BIKINIANS ASSURED OF NUCLEAR CLEANUP

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WASHINGTON, D.C. (April 23, 1998 - PACNEWS)---Washington has assured a delegation from Bikini atoll in the Marshall Islands that it will continue its nuclear cleanup and resettlement effort after the initial United States-Republic of the Marshall Islands Compact of Free Association expires in three years.

Interior Secretary Bruce Babbitt made the pledge after meeting with the delegation, headed by Bikini Mayor Tomaki Juda, on Wednesday.

The U.S. also agreed to provide funding to purchase a water making unit to ease the cost of obtaining potable water on Kili and Jaluit, the two main islands were the Bikinians live in exile.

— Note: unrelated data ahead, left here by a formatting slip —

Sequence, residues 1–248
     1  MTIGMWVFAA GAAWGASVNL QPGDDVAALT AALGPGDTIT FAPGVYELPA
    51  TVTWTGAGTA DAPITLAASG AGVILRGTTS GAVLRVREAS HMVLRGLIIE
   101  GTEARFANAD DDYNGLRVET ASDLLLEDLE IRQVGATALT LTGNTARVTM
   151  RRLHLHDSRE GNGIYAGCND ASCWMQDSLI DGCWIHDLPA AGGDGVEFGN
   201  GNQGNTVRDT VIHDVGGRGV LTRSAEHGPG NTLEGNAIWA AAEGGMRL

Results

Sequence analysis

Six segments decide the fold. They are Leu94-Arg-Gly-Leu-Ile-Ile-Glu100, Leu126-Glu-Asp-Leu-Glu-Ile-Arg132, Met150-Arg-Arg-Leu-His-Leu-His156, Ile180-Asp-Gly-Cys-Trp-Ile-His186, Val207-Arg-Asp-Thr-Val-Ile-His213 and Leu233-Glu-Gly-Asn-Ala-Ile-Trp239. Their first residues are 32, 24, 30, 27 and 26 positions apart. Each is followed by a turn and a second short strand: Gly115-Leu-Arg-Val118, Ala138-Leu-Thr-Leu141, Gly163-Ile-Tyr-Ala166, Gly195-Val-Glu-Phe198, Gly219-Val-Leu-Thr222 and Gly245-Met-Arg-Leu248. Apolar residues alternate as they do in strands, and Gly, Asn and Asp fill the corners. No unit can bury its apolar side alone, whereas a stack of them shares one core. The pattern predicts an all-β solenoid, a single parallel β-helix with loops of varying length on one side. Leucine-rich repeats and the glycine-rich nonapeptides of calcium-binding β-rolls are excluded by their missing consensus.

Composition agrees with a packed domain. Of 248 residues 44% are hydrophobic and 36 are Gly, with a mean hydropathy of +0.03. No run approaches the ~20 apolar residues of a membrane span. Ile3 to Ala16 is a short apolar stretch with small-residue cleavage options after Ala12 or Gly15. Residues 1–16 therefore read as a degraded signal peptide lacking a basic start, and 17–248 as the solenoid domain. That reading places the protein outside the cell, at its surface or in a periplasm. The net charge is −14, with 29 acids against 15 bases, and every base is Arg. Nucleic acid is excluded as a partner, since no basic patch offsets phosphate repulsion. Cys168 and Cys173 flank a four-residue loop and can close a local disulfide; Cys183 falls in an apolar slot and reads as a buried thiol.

The initial 15 year Compact that grants the Marshall Islands free association status with the United States is due to expire in three years. Formal renegotiations regarding a possible new Compact will begin next year.

Bikini was used as a nuclear test site by the U.S. between 1946-1958, and was left heavily contaminated by radiation.

American scientists have said it would be possible for the former inhabitants of the atoll to safely return to their homeland after a $US 120 million cleanup operation. A previous re-settlement in the 1970s was quickly abandoned because people were found to be ingesting radioactive material from locally grown vegetables and fruits.

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